Swindling Dakota Prisoners: Franklin Steele and the Fort Snelling Concentration Camp

Franklin Steele provisioned the 1862-63 Dakota Concentration Camp and managed to fleece prisoners of valuable land rights.
Franklin Steele provisioned the 1862-63 Dakota Concentration Camp and managed to coerce prisoners to give up valuable land rights.

The names of Minnesota’s early political and business leaders dot our landscape. While they often are held up as heroes, some did truly horrific things.

Today we look at Franklin Steele, the namesake of Steele County. Steele arrived in the region in the 1837 and is credited with launching the lumber industry, organizing the water resources and building mills. He held the post of “sutler” at Fort Snelling for a time, a plum job selling provisions to the Army.

His business dealings and connections grew. In the aftermath of the Dakota-U.S. War of 1862, Steele got the government contract to provide food to the Dakota prisoners held at the Fort Snelling concentration camp. The conditions were horrible during the winter of 1862-63. Between the cold and disease, hundreds of prisoners died, including young children.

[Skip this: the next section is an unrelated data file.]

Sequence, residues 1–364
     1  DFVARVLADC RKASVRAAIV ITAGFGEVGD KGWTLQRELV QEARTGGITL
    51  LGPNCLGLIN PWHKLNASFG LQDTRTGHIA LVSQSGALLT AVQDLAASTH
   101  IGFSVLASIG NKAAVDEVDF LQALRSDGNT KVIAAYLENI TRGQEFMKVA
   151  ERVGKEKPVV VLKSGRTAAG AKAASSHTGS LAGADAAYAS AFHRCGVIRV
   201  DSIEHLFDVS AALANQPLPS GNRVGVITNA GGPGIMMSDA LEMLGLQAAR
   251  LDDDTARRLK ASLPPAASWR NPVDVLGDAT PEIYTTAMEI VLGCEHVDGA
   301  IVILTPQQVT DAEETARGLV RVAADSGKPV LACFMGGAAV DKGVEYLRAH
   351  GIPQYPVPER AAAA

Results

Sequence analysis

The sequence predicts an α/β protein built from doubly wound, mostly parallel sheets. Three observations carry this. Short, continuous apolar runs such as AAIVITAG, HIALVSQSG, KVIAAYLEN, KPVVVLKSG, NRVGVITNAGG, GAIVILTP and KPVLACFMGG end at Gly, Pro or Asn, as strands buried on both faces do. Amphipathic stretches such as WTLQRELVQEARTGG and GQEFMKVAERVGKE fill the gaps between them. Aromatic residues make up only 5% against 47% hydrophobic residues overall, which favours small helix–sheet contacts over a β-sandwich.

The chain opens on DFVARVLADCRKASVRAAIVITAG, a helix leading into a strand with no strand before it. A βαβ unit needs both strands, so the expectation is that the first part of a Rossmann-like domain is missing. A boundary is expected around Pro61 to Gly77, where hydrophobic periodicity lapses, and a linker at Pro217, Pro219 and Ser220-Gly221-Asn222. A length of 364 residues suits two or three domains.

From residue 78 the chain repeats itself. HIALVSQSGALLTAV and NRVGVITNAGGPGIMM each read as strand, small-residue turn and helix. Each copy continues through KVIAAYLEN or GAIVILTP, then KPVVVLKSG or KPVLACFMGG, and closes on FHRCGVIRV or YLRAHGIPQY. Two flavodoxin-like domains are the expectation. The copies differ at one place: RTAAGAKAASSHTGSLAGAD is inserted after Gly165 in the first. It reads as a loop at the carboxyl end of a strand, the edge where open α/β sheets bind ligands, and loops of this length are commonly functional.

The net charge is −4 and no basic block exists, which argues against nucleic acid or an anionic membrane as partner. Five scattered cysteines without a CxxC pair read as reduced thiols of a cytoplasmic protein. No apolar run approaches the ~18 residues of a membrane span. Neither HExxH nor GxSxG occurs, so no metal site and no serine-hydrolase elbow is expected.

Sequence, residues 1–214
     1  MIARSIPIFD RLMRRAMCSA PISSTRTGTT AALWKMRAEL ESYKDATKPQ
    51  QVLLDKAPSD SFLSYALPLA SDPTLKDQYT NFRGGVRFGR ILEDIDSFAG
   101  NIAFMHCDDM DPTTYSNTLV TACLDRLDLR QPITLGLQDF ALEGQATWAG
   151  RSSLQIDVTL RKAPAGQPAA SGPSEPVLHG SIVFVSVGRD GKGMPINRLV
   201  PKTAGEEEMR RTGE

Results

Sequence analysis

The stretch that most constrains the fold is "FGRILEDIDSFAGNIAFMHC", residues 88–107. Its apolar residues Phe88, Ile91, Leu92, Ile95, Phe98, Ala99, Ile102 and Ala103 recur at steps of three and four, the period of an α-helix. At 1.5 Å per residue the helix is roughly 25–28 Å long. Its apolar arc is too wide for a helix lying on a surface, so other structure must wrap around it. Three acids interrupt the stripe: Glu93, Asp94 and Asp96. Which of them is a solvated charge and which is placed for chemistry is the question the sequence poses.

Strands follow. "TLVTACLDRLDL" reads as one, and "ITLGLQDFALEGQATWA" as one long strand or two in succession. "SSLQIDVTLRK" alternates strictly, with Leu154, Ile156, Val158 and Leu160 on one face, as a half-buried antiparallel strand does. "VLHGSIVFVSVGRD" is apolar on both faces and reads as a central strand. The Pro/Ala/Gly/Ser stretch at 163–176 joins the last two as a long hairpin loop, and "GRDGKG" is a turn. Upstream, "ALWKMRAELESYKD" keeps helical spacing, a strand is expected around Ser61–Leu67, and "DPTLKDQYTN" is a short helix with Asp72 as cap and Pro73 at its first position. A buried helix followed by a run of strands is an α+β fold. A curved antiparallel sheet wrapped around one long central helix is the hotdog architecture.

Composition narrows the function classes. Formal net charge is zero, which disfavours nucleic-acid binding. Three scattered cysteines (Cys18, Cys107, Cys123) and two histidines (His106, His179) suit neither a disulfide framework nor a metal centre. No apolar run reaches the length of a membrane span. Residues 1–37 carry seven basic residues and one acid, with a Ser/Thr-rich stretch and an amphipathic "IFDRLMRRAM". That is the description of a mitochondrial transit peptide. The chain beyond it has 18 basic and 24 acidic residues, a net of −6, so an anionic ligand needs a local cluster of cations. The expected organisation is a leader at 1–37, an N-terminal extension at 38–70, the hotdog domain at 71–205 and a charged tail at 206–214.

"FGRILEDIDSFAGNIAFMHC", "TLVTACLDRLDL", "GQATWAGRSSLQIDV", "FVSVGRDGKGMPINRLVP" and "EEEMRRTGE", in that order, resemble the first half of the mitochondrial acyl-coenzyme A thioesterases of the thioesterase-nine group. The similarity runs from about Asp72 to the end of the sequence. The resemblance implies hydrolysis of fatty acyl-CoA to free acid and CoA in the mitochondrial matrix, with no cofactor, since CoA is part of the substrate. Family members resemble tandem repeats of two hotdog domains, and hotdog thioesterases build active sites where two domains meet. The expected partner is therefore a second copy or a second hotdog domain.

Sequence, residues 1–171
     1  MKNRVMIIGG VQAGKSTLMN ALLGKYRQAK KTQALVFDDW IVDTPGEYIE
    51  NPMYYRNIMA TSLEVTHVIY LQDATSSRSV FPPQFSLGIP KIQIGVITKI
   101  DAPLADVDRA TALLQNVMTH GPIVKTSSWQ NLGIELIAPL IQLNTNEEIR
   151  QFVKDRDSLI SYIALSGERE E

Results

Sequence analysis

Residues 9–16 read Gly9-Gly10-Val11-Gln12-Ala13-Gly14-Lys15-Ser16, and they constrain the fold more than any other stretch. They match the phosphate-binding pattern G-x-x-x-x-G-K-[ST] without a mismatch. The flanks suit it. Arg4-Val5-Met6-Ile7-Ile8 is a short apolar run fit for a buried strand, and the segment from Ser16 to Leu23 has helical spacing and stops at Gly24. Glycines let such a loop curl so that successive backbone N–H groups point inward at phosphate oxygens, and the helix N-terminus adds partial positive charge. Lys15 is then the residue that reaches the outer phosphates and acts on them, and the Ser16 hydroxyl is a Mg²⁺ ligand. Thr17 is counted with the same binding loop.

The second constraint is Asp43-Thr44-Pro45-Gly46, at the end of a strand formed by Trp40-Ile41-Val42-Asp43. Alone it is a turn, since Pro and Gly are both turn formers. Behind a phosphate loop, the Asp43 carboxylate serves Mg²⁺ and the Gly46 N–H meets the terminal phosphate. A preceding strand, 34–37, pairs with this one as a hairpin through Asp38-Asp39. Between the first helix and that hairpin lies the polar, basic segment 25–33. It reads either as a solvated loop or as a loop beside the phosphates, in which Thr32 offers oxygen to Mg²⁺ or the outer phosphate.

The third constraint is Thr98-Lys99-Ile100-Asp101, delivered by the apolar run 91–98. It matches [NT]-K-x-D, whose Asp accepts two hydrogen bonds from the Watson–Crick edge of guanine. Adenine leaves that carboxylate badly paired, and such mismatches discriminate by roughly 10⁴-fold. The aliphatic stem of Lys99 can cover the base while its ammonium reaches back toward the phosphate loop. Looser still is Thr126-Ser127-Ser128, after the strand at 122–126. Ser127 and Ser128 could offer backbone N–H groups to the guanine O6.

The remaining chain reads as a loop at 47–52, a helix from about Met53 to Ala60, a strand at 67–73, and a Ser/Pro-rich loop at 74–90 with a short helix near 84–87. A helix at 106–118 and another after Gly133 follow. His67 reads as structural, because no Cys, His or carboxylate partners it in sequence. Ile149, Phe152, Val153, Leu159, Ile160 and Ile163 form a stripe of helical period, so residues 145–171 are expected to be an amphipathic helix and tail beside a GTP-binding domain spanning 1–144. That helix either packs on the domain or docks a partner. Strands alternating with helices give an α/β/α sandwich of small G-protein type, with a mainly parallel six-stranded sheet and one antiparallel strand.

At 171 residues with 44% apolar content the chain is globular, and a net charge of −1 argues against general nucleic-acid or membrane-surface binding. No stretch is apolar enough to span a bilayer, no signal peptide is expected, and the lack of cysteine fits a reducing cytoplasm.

One of the horrors at the camp has remained nearly invisible. Some “mixed blood” prisoners held valuable paper “scrip,”a form of land grant promising them up to 640 acres. History does not record how he did it, but Steele connived to get his hands on the scrips at very little if any cost. While prisoners left the camp broken, destitute, and hungry, Steele used the scrips to help build his fortune.

This narrative of Steele’s misdeeds comes from a powerful article titled The Great Treasure of the Fort Snelling Prison Camp by William Millikan, published  in the Minnesota History magazine, Spring, 2010. (Thanks to Alisha Volante for sharing this article.)

Here is the kicker at the end of article. Steele, his partner Henry Welles, and a corporate partner would later create the Northwestern National Bank of Minneapolis. According to Millikan:

The bank that became the backbone of the financial empire of the northwestern United States could trace its initial capital to the inmates of the Fort Snelling prison camp.

What happened? I highly recommending reading the entire article. It runs 14 pages. If you want a quick summary first, continue reading. Continue reading